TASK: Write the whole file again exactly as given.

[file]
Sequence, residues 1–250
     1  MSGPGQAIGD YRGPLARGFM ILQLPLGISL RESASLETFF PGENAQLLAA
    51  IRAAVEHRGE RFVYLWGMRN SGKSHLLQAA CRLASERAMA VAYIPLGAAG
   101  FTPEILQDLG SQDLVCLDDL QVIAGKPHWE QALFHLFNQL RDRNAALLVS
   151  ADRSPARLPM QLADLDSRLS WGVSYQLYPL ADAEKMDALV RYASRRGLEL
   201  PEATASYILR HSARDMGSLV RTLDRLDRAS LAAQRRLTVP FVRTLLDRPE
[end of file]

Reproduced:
Sequence, residues 1–250
     1  MSGPGQAIGD YRGPLARGFM ILQLPLGISL RESASLETFF PGENAQLLAA
    51  IRAAVEHRGE RFVYLWGMRN SGKSHLLQAA CRLASERAMA VAYIPLGAAG
   101  FTPEILQDLG SQDLVCLDDL QVIAGKPHWE QALFHLFNQL RDRNAALLVS
   151  ADRSPARLPM QLADLDSRLS WGVSYQLYPL ADAEKMDALV RYASRRGLEL
   201  PEATASYILR HSARDMGSLV RTLDRLDRAS LAAQRRLTVP FVRTLLDRPE